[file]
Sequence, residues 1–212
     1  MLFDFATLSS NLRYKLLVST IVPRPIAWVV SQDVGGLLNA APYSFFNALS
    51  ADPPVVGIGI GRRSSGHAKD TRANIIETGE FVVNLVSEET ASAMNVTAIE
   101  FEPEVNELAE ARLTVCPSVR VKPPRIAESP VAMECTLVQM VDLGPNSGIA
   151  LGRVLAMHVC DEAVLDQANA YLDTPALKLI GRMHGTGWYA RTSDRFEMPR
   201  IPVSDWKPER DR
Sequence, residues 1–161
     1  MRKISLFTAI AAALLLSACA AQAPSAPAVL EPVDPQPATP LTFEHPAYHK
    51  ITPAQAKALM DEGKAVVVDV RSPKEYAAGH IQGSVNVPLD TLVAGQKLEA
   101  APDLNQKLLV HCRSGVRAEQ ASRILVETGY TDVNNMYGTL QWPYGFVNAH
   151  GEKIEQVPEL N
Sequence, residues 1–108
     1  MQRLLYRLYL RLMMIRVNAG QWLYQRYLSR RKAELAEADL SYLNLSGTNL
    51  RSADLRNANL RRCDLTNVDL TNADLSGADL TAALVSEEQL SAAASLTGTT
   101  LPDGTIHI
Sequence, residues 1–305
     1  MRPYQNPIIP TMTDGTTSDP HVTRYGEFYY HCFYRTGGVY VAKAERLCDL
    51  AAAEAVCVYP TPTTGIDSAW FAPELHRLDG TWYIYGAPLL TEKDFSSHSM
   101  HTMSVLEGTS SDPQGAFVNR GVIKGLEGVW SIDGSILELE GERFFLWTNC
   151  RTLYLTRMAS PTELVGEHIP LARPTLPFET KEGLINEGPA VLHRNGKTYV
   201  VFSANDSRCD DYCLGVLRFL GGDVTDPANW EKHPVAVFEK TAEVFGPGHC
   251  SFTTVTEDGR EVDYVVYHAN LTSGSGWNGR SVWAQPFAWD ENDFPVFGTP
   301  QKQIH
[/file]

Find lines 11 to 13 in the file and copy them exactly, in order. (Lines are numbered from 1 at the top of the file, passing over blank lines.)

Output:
   151  GEKIEQVPEL N
Sequence, residues 1–108
     1  MQRLLYRLYL RLMMIRVNAG QWLYQRYLSR RKAELAEADL SYLNLSGTNL